from Asia Unbound

Thailand’s Elections Foreshadow a New Divide, But Don’t Heal Old Ones Either

Supporters of Pheu Thai Party react after unofficial results, during the general election in Bangkok, Thailand, on March 24, 2019. Athit Perawongmetha/Reuters

April 1, 2019

Supporters of Pheu Thai Party react after unofficial results, during the general election in Bangkok, Thailand, on March 24, 2019. Athit Perawongmetha/Reuters
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Southeast Asia

Thailand

Democracy

Elections and Voting

In Thailand’s elections on March 24, the military’s proxy party, Palang Pracharat, did better than pre-election surveys had indicated. Palang Pracharat appears to have enough seats combined in the elected lower house and the unelected upper house, which is stacked with pro-junta allies, to likely ensure that Prayuth Chan-ocha, who has led a junta government since 2014, will become prime minister again. And the election, despite the unfair run-up to Election Day, relatively low turnout, and obstacles placed in the way of anti-junta parties, did offer some indications of Thailand’s future politics. For more on the meaning of Thailand’s national elections, see my new World Politics Review column.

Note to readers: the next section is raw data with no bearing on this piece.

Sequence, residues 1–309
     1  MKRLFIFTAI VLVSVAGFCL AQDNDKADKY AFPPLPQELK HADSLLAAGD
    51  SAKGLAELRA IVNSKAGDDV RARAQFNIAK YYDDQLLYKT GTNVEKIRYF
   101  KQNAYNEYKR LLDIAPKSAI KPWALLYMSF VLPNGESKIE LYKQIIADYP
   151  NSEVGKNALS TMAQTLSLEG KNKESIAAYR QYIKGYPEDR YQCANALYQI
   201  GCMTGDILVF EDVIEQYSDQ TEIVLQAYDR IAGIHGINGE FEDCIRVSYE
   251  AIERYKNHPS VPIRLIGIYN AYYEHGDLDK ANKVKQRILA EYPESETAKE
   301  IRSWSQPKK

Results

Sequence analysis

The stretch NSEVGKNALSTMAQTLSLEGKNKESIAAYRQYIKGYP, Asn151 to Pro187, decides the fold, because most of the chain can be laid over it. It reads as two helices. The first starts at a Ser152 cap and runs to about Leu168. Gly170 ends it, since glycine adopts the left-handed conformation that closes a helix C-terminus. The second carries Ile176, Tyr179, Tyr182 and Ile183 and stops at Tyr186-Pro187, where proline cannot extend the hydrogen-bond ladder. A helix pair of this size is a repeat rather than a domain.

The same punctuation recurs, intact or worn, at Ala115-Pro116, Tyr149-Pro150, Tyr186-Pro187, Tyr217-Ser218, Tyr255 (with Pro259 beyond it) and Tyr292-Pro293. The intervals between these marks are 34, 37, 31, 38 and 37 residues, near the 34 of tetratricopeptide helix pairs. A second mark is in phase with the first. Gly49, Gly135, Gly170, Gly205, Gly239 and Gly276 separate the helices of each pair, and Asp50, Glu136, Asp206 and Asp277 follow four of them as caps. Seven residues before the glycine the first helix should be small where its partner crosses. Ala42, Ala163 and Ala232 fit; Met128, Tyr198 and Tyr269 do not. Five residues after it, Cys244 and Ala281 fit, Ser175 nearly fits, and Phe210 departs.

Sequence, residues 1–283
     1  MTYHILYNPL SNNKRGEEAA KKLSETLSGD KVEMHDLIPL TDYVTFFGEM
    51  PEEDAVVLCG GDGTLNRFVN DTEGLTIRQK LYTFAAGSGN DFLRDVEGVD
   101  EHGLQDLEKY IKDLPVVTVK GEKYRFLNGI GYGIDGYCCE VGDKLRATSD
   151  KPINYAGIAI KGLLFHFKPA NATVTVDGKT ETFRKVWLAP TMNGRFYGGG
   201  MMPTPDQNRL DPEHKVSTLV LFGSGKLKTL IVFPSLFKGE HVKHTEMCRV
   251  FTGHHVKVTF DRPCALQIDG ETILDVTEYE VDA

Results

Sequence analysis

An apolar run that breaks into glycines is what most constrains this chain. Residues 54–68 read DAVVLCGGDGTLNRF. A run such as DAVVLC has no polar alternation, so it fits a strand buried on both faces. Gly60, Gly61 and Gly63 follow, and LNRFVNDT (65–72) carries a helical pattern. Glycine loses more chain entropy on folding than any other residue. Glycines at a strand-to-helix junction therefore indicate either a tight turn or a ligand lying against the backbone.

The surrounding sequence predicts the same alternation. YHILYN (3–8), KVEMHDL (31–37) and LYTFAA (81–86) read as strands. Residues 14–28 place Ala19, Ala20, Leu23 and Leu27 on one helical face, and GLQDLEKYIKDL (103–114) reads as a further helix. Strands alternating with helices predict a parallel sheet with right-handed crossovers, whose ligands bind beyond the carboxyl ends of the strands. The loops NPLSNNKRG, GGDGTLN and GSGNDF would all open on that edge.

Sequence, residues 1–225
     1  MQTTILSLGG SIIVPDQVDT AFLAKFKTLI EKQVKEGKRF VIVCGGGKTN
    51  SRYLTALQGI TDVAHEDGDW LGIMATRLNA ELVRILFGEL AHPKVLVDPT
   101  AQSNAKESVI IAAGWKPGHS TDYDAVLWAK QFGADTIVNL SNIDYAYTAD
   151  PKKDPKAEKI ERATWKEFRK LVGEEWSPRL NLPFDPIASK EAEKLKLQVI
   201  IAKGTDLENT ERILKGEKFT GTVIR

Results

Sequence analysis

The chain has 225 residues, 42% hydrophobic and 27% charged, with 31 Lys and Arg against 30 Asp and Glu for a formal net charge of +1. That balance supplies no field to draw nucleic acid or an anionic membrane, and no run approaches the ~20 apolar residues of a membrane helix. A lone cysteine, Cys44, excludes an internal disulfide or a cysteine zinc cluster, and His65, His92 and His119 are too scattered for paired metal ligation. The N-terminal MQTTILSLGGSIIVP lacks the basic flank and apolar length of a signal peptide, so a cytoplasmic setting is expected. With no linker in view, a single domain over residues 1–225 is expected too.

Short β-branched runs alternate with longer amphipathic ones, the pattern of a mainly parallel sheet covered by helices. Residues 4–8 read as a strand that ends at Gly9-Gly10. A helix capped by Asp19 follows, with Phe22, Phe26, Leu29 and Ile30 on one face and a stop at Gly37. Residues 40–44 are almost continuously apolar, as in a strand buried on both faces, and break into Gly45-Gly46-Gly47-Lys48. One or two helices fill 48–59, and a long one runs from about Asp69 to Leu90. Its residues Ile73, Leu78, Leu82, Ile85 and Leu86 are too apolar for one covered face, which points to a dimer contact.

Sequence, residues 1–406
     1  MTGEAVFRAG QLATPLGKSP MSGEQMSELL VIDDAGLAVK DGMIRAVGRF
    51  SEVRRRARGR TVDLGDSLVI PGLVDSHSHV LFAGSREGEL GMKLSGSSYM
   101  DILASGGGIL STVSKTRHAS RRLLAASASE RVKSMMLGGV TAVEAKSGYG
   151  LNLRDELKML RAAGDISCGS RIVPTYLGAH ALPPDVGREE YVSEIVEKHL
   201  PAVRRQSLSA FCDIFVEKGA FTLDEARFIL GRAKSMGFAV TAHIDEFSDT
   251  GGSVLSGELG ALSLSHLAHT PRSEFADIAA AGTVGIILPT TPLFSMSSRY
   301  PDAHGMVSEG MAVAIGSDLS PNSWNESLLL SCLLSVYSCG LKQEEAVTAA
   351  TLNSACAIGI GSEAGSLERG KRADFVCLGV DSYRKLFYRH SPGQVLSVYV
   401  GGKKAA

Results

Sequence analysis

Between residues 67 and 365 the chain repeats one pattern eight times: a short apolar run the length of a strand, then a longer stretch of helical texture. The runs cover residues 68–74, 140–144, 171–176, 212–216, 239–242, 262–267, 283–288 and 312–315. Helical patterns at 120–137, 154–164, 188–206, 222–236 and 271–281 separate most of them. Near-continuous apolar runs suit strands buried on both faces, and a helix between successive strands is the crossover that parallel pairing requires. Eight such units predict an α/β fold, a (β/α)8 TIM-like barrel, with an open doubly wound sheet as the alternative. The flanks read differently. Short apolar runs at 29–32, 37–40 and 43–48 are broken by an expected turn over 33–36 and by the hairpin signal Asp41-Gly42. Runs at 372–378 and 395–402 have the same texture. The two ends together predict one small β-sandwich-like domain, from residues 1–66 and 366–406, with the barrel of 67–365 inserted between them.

More on:

Southeast Asia

Thailand

Democracy

Elections and Voting

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